A single monoclonal antibody, mAb114, targeting the receptor-binding domain of Ebola virus glycoprotein showed linear pharmacokinetics and was easily and rapidly infused, according to data published in the Lancet. Researchers, therefore, believe it may be a viable treatment option in outbreak settings
The mAb114 antibody is known to prevent mortality of rhesus macaques after a lethal challenge of Zaire ebolavirus. Therefore, researchers conducted a phase 1 dose escalation study at the National Institutes of Health and enrolled healthy adults aged 18 to 60 years. Participants (N=19) were sequentially enrolled in 3 dose groups (5 mg/kg, 25 mg/kg, and 50 mg/kg). The drug was administered intravenously for 30 minutes, and participants were followed for 24 weeks to assess safety and tolerability; in addition, pharmacokinetic and anti-drug antibody assessments were obtained as secondary endpoints. Researchers noted that as a result of lack of intravenous access, 1 participant enrolled in the 5mg/kg group withdrew before receiving treatment.
Fifteen participants completed the trial: 2 of 3 in the 5 mg/kg group, 5 of 5 in the 25 mg/kg group, and 8 of 11 in the 50 mg/kg group. All the drug infusions were tolerated with no reactions or rate adjustments, and all participants completed the safety assessment of local and systemic reactogenicity. There were no reported infusion site symptoms, and systemic symptoms were all mild and present in 4 individuals. The antibody had dose-dependent linear pharmacokinetics, and results demonstrated a half-life of 24.2 days (standard error of measurement, 1.8) across all dose levels. There was no evidence of anti-drug antibody development.
Although it is typical to have such a small number of participants enrolled in a phase 1 trial, the study investigators noted that this is the main limitation of the study. To improve the accuracy of their analysis, researchers included only data from participants with 28 days of data (n=13) in the analysis of pharmacokinetic parameters, and only data from participants with 56 days of data for half-life calculations (n=9).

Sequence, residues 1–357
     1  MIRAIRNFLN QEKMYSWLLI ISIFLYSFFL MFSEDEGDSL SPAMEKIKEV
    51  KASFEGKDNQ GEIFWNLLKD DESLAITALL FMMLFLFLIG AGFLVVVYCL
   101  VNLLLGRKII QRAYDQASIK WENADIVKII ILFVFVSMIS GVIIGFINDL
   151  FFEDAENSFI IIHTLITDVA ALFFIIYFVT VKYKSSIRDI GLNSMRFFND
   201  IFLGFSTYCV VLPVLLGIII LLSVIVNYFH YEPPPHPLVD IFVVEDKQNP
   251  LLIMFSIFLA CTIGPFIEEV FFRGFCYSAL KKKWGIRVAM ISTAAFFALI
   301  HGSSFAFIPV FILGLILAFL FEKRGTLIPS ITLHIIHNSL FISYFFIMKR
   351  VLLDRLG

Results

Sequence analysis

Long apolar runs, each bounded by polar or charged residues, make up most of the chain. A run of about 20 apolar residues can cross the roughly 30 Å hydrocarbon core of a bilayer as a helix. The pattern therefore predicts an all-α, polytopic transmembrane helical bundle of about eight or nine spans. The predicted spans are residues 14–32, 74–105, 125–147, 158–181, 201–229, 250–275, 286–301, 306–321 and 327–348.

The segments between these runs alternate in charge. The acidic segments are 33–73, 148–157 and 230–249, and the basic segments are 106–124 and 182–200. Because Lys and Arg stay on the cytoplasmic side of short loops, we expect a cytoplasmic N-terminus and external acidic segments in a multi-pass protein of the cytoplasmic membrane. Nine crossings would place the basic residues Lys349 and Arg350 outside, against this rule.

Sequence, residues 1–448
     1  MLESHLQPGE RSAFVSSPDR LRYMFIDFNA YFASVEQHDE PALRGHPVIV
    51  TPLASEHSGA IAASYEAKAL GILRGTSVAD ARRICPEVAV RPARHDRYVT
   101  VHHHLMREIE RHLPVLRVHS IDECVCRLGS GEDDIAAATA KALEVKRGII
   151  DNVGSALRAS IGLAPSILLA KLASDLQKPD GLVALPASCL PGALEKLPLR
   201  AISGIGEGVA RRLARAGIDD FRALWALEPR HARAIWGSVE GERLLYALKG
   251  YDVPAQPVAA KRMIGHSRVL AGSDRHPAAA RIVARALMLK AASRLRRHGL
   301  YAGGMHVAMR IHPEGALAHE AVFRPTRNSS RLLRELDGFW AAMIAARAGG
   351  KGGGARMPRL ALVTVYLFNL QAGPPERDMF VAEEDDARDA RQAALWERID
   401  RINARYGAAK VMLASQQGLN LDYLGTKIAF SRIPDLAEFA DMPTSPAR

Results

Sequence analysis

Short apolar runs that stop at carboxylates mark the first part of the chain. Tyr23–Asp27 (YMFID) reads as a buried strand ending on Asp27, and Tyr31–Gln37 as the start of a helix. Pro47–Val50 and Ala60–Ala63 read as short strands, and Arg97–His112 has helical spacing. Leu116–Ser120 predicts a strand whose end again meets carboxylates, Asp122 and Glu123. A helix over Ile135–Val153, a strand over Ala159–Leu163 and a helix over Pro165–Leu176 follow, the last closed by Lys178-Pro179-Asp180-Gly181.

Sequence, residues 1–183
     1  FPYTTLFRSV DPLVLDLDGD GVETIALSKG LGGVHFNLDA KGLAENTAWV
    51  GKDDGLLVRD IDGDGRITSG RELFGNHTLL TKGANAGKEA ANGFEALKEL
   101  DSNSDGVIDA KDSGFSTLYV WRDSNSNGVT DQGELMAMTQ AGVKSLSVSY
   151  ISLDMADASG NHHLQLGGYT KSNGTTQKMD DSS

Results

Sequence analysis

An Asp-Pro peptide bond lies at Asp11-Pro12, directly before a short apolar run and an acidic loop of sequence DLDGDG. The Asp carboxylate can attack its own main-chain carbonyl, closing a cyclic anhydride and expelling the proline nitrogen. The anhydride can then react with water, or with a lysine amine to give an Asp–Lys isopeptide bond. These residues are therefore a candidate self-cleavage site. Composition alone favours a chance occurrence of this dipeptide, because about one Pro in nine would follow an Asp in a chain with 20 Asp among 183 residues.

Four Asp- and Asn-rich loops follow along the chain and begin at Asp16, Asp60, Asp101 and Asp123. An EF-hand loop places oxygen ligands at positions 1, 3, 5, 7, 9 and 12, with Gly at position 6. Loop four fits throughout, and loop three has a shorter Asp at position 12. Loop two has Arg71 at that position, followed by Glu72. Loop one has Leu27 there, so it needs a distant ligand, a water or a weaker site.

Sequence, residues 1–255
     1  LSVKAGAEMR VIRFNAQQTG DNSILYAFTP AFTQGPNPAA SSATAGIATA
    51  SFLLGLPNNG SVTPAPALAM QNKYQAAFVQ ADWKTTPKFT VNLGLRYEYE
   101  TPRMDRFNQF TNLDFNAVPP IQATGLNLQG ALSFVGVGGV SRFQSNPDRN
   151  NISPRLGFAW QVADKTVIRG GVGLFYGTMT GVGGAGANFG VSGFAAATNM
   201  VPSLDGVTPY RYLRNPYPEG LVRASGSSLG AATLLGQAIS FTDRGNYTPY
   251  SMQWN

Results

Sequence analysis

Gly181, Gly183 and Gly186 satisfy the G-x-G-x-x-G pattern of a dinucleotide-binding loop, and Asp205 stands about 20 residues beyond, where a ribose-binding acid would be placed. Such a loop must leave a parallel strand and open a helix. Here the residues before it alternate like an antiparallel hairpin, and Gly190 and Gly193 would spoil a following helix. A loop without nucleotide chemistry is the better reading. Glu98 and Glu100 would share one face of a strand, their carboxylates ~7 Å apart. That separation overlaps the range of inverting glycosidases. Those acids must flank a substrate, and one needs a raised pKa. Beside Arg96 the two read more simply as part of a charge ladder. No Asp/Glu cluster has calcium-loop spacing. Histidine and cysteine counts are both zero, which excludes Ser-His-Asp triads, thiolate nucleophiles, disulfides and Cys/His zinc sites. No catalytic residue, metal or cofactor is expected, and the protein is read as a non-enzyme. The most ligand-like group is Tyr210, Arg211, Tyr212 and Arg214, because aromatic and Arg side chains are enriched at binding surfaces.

Researchers concluded that mAb114 is “an attractive and deployable option for treatment in outbreak settings.” Further, they noted that there are ongoing trials and future work planned that will provide additional data from mAb114 recipients and populations living in potential outbreak settings. To date, 54 people have received this drug during the North Kivu outbreak under an expanded access protocol, followed by remdesivir, REGN3470-3471-3479, and ZMapp. According to the study investigators, “great care will be required when analysing mortality among recipients of investigational treatments within the expanded access protocols to discern possible sources of bias among efficacy signals.” There is also a multinational randomized controlled trial, “assess[ing] multiple therapeutic agents, including mAb114, in the current Ebola virus disease outbreak,” that is still underway.
Gaudinski MR, Coates EE, Novik L, et al. Safety, tolerability, pharmacokinetics, and immunogenicity of the therapeutic monoclonal antibody mAb114 targeting Ebola virus glycoprotein (VRC 608): an open-label phase 1 study. Lancet. 2019;393:889-898.